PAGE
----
53     It must be added that the classification in national law of special investment funds cannot suffice to justify their qualifying for a Community exemption such as that at issue in the main proceedings. They must also be funds covered by the notion of ‘special investment funds’ within the meaning of Article 13B(d)(6) of the Sixth Directive and liable to be exempt in the light of the objective of that directive and the principle of fiscal neutrality.

54     In the light of the foregoing considerations, the answer to the second and third questions must be that Article 13B(d)(6) of the Sixth Directive must be interpreted as meaning that it allows Member States a discretion in defining the funds located on their territory which are covered by the notion of ‘special investment funds’ for the purposes of the exemption provided for by that provision. However, in the exercise of that power, the Member States must respect the objective pursued by that provision, which is to facilitate investment in securities for investors through investment undertakings, while guaranteeing the principle of fiscal neutrality from the point of view of the levying of VAT on the management of special investment funds which are in competition with other special investment funds such as funds falling within the scope of the UCITS Directive.

 The fourth question

55     By its fourth question the referring court asks whether Article 13B(d)(6) of the Sixth Directive has direct effect.

56     The applicants in the main proceedings consider that they are entitled to rely on that provision. The mere fact that it appears to allow Member States a certain discretion in their definition of special investment funds cannot preclude the possibility of reliance on it where the national measures implementing it exceed the limits of that discretion in that they are contrary to the principle of fiscal neutrality and/or the objective pursued by the exemption provided for by that provision. The Commission shares that view and adds that Article 13B(d)(6) of the Sixth Directive can be relied on directly since the limits imposed on the discretion of the Member States are clear, precise and sufficiently unconditional.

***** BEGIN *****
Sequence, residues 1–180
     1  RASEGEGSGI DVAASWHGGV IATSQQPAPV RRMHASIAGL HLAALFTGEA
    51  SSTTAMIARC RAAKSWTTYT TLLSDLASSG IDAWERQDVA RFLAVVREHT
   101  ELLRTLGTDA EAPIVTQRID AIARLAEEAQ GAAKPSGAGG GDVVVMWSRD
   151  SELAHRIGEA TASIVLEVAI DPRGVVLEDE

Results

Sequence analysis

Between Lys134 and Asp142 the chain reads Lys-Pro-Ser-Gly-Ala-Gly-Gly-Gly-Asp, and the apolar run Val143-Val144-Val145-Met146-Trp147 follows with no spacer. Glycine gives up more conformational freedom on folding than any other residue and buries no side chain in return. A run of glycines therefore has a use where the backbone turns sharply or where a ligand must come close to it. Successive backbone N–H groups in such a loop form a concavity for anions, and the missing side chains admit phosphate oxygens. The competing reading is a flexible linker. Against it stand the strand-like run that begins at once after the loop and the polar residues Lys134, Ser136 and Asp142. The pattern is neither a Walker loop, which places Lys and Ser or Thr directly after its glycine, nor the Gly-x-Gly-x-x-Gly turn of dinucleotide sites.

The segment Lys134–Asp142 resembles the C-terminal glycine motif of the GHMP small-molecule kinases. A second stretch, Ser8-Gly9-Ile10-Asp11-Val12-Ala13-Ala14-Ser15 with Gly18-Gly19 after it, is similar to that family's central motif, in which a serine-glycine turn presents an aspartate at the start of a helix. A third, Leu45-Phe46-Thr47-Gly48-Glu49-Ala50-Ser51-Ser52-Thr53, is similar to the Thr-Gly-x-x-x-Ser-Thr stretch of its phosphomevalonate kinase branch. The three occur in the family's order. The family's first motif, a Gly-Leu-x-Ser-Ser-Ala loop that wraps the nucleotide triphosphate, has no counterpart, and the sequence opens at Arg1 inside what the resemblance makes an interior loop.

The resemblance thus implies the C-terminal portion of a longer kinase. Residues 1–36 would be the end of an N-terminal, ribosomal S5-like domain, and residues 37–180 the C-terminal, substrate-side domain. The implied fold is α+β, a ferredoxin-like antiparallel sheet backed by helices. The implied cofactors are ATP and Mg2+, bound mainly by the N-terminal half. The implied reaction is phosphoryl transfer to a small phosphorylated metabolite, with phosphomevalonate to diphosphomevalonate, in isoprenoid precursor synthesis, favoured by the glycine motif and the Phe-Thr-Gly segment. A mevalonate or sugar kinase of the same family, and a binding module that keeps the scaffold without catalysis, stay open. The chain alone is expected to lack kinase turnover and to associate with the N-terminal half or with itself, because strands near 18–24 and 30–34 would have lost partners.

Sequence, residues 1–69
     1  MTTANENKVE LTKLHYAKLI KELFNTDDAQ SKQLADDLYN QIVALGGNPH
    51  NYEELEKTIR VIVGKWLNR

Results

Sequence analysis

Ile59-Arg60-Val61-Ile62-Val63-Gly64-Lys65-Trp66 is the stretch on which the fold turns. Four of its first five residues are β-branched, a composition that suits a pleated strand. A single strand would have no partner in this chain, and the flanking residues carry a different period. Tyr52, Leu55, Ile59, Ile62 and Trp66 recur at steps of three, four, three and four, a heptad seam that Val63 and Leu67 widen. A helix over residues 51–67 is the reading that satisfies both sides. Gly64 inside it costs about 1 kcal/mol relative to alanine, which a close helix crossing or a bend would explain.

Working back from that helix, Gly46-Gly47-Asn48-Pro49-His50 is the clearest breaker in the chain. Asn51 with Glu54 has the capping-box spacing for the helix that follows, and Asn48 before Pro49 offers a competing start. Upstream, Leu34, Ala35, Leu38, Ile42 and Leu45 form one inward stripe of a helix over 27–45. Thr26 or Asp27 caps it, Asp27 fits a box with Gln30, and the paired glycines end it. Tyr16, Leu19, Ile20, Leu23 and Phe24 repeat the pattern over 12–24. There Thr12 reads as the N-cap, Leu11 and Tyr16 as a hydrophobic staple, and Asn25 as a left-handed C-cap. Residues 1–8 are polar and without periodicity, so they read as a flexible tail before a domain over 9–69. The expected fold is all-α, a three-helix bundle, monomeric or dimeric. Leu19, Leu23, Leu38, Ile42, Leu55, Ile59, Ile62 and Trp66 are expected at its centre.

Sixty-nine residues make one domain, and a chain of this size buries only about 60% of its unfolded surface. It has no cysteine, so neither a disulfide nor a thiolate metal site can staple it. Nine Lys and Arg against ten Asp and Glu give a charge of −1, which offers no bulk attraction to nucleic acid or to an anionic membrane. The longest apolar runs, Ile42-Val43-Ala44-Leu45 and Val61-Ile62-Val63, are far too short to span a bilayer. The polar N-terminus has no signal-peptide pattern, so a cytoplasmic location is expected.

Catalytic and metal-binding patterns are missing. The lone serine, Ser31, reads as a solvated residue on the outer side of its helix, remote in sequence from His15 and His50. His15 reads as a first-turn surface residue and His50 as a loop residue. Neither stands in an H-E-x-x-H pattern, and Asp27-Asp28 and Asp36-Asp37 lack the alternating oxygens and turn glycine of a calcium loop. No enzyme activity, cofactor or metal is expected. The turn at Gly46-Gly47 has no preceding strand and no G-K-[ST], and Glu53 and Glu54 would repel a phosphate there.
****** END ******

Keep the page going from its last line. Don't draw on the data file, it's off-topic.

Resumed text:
57     The United Kingdom Government, on the other hand, takes the view that Article 13B(d)(6) of the Sixth Directive does not have direct effect in that it requires further implementation by the Member States.

58     On that point, it is clear from settled case-law that wherever the provisions of a directive appear, so far as their subject-matter is concerned, to be unconditional and sufficiently precise, they may, in the absence of implementing measures adopted within the prescribed period, be relied on against any national provision which is incompatible with the directive or in so far as they define rights which individuals are able to assert against the State (see, inter alia, Case 8/81 Becker [1982] ECR 53, paragraph 25; Case C-141/00 Kügler [2002] ECR I-6833, paragraph 51; Joined Cases C-465/00, C-138/01 and C-139/01 Österreichischer Rundfunk and Others [2003] ECR I-4989, paragraph 98; and Linneweber and Akritidis, paragraph 33).